A guest reblog from bestselling thriller author Mike Wells
I had to make sure my readers had the benefit of Mike Wells' excellent essay on digital publishing.
At present, I only publish my work in digital format—ebooks and audiobooks. Since many of you are also authors or seriously thinking of writing a book, I thought I would explain my reasoning on this, as it might be helpful to you in making your own decisions.
The main reason that I'm a digital-only author is that if I publish my books on paper, I can't get them onto the shelves of physical bookstores. It's virtually impossible. Why? Because I'm an "indie author," meaning that I self-publish my work outside of the realm of the traditional publishing industry. Like it or not, traditional publishing largely controls what's on the shelves of brick-and-mortar bookstores. (Self-publishing my own work is a personal choice—for more about traditional versus self-publishing, see this post).
Also, I am an internationally-oriented author, and I have a large number of readers all over the world—in Australia, the UK, Europe, South Africa, Malaysia, Russia, India, the Middle East, etc. This compounds the distirbution problem tenfold. Even the biggest U.S. publishers have trouble getting their titles onto the bookstore shelves in every corner of the globe.
Thanks to digital retailer/distributors like Smashwords, ebooks provide an instant and elegant solution to the problem. It's a great feeling to know that any reader, virtually anywhere in the world, has equal access to all my books at the touch of a button.
That said, I admit that it sometimes bothers me that I can't pick up a paper copy of my book and hold it in my hands, and that I can't send readers who want my books in paper format to a physical bookstore. Some people enjoy collecting paper books and building a home library, and I can certainly appreciate that as well.
While it's true that I could arrange to publish all of my 20+ titles on paper through a company like Lulu or Createspace, this does not fully solve the problem, neither in the USA or abroad. Readers will still have to order the books online or through their local bookstores—copies will still not actually be sitting on bookstore shelves.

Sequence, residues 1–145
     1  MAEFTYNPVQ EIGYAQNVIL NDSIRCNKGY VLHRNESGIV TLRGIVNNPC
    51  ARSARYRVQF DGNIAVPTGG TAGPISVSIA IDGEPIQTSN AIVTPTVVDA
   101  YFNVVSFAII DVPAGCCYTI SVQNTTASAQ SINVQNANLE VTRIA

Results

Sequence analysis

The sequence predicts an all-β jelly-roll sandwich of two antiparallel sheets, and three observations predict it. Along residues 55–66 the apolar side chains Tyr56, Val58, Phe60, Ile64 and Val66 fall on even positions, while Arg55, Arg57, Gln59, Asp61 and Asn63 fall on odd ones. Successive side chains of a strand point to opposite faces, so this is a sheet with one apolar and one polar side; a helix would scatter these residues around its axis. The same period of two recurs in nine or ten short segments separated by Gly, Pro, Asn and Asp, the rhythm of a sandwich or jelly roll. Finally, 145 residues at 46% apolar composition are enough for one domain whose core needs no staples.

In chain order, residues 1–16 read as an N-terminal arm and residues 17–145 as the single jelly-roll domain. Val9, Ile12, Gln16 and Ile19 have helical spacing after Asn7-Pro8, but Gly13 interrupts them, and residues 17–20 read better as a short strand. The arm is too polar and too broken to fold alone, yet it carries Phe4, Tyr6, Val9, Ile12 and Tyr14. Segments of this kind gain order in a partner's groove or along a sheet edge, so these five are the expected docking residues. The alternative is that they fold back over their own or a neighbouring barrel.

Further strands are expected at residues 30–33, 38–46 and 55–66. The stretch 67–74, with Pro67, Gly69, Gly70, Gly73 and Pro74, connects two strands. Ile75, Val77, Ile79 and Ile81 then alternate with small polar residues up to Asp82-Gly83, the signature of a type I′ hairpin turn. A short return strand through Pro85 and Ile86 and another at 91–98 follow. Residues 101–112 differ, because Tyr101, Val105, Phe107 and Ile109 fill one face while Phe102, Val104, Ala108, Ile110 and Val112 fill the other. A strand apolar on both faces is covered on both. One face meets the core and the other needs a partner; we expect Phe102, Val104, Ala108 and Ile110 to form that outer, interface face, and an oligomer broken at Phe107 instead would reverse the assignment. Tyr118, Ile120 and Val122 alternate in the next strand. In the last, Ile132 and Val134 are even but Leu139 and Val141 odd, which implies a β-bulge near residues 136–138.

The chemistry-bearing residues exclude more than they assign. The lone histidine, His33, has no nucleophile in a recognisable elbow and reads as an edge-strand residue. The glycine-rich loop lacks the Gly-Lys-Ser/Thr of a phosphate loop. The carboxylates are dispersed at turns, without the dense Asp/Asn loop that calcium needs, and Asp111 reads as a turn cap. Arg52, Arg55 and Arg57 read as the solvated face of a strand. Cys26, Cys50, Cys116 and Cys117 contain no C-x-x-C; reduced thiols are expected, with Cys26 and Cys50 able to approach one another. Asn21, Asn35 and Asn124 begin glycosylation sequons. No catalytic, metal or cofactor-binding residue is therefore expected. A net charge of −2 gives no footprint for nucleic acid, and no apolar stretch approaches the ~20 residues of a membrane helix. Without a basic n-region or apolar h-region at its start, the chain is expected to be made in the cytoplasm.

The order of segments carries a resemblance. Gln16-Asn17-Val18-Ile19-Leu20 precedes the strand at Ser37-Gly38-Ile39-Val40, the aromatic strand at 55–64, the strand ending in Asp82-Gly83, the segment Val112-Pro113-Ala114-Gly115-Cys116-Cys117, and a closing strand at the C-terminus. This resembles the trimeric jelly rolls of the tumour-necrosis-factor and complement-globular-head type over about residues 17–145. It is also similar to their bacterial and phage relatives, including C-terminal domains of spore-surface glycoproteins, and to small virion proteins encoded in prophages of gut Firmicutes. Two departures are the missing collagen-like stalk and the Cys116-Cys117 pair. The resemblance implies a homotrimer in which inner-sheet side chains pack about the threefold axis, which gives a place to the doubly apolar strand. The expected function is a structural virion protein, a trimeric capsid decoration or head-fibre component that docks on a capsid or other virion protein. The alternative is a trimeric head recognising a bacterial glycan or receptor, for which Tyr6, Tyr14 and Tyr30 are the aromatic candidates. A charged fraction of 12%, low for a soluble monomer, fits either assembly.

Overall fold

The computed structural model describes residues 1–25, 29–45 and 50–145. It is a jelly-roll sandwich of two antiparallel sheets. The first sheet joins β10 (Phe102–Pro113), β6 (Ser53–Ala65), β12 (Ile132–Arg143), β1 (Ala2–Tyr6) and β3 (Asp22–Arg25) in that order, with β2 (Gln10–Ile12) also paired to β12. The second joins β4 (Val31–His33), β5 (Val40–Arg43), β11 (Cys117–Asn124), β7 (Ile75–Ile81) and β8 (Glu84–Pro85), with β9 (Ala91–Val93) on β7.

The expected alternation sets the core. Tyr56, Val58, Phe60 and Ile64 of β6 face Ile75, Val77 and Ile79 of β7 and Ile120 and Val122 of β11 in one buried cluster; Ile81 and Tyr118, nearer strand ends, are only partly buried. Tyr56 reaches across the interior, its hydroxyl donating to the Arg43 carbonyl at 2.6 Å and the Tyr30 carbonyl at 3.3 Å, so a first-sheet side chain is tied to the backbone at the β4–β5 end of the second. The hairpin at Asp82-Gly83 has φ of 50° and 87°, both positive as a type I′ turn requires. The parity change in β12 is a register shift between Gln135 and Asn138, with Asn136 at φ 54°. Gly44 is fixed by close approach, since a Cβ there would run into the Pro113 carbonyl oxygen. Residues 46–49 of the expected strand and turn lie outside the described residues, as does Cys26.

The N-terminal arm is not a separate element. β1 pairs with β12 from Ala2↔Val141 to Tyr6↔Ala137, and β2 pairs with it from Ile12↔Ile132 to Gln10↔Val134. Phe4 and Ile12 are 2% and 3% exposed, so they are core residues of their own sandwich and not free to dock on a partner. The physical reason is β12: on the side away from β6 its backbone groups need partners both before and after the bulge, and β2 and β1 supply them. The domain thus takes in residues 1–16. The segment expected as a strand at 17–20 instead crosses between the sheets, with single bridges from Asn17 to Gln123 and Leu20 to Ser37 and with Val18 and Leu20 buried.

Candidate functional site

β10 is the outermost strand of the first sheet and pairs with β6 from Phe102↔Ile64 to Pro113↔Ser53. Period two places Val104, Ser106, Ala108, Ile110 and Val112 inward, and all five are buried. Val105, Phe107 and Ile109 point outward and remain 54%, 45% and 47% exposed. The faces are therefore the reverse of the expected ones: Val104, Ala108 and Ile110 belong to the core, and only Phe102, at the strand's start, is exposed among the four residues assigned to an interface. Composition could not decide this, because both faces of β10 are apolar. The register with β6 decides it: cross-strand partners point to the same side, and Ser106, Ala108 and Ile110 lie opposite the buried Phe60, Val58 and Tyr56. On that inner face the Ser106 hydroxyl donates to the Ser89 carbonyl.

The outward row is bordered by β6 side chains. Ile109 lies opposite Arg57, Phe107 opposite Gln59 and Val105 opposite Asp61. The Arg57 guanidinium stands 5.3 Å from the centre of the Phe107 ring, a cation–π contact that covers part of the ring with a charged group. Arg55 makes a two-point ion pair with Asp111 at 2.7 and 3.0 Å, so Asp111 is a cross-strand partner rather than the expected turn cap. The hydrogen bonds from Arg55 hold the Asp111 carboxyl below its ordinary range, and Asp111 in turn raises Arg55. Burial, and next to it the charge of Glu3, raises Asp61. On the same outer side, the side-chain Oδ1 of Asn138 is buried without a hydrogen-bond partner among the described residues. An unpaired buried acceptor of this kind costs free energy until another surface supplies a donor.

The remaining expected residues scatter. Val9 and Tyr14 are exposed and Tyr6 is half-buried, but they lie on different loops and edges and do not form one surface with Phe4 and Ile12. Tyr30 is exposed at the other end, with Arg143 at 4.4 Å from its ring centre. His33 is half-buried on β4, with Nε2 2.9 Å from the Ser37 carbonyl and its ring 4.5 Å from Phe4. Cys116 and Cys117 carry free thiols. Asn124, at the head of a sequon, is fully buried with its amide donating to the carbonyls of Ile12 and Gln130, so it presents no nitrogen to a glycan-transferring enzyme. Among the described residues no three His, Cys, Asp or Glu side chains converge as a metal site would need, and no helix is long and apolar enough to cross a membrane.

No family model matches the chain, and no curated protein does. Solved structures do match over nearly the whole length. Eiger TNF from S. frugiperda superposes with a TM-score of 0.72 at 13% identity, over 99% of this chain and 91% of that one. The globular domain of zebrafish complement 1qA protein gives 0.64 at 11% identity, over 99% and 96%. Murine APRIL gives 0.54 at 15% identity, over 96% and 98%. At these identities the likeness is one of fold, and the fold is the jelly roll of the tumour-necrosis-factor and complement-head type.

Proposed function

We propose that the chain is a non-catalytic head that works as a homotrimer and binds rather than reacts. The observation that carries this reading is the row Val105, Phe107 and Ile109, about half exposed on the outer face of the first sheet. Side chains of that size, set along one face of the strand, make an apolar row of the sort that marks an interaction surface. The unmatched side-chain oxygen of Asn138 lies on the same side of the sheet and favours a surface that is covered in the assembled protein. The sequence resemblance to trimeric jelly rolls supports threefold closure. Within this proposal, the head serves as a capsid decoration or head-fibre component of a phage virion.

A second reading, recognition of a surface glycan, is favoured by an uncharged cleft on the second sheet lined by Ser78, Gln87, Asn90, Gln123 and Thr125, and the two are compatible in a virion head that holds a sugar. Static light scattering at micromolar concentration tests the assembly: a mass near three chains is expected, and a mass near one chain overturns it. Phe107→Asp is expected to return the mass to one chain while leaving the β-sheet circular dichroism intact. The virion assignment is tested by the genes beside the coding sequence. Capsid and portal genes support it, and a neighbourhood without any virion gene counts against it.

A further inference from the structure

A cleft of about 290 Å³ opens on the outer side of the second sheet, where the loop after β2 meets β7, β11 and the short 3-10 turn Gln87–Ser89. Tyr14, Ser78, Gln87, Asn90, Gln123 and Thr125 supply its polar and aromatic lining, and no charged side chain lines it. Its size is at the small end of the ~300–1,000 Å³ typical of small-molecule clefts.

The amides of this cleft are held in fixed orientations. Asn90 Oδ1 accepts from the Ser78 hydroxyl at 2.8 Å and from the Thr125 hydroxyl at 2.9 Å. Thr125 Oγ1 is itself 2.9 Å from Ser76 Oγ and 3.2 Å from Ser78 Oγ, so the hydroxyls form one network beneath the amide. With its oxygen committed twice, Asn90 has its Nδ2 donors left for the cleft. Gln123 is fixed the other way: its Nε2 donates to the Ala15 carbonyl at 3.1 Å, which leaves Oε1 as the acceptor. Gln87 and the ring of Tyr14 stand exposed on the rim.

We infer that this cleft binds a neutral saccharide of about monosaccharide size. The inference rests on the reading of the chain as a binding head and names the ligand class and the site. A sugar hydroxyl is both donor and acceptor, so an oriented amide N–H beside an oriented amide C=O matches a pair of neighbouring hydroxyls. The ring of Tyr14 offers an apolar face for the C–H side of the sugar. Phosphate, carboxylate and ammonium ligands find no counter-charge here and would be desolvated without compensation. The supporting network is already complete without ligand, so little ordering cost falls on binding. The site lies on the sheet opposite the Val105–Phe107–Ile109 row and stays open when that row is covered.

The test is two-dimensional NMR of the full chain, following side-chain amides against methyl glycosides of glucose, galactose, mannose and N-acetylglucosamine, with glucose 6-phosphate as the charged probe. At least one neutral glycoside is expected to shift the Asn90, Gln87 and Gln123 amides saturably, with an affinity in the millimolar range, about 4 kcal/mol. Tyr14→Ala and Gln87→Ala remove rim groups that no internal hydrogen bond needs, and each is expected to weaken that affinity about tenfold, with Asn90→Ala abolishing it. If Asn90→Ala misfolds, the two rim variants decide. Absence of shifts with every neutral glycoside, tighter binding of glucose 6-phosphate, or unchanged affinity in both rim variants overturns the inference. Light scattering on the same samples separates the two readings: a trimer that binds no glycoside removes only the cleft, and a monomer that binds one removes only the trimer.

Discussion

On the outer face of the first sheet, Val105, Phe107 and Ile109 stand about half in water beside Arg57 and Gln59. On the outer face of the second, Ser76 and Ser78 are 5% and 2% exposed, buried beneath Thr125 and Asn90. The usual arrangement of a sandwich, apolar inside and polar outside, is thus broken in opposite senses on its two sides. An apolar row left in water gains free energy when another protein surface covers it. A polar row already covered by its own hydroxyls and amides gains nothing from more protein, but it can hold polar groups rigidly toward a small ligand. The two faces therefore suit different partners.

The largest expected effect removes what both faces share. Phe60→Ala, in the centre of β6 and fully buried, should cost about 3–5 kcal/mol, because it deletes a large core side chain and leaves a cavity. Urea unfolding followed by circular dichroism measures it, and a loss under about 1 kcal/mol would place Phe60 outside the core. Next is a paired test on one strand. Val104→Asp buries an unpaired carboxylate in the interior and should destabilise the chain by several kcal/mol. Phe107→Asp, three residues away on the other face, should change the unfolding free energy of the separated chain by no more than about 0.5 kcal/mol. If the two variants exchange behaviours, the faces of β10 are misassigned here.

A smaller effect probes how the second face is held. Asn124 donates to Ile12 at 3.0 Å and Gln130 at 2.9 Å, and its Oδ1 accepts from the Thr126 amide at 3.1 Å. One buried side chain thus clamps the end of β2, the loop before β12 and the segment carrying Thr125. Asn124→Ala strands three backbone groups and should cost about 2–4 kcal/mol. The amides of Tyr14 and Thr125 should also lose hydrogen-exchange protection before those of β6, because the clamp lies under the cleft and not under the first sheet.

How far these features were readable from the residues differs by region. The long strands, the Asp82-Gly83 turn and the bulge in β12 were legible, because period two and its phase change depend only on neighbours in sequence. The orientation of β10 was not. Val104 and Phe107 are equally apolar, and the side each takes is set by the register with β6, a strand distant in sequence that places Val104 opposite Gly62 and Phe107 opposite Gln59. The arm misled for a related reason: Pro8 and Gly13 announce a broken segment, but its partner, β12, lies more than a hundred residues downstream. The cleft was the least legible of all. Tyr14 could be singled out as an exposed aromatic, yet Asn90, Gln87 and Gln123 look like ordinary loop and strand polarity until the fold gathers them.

My experience is that people who want paper books generally expect to walk into a physical bookstore, find the books they want on the shelves, and then take the books the cash register and pay for them. Having to order and wait for a paper book is a "speed bump" that greatly lowers interest. Today, most readers, when given the choice of ordering a physical book and waiting a week or two for it to arrive, or downloading the book instantly, in ebook or audiobook format, choose the latter. Not all, but most.
Despite how easy companies like Lulu and Createspace make it sound, publishing on paper is still a lot of work and takes significant time. I only have so many hours in the day. When I ask readers, "Which would you rather I do—produce more new ebooks and audiobooks or slow down and offer everything I write in both digital and paper format?" the answer is always a resounding "More new books please!" The vast majority of my readers are willing to read or listen to my books in digital format, even the ones who prefer paper.
Of course, there are some people who refuse to read anything but paper books. I admire their tenacity, but I have to draw the line somewhere. I believe that there will always be paper books, but I also believe that the number of people who refuse to read anything except paper books will steadily diminish, so that eventually I will reach 99% of the folks who are interested in my work.
But there is another larger, overarching factor in my decision to stay digital. I struggled for fifteen years in the paper book industry—burned through four literary agents—and made very little progress. It was the advent of ebooks and digital publishing that allowed me to take full control of my career and caused my book sales to take off. While I'm sure it would be a wonderful feeling to hold all my novels in my hands and see them lined up in a neat row along my desk, I'm confident that the feeling I have from making a living as a novelist and being able to write full time is far more satisfying.
Perhaps things will change in the future and I will decide to publish on paper. For example, maybe someday there will be a printing and binding machine sitting in every physical bookstore that can produce a high-quality paper copy of any ebook in a matter of minutes. There have been attempts at this, but nothing has caught on big yet. Or, maybe a traditional publisher will come along and offer to print my books as they are, without insisting on fiddling around with the titles and content, and they won't have a problem with me continuing to publish my ebooks and audiobooks independently. Who knows?
Never say never.
In summary, that's the logic behind my decision to keep my books in digital format only for the present, and it may or may not apply to your own situation.
Your comments are welcome.
This post originally appeared on May 1, on Mike Wells Official Website.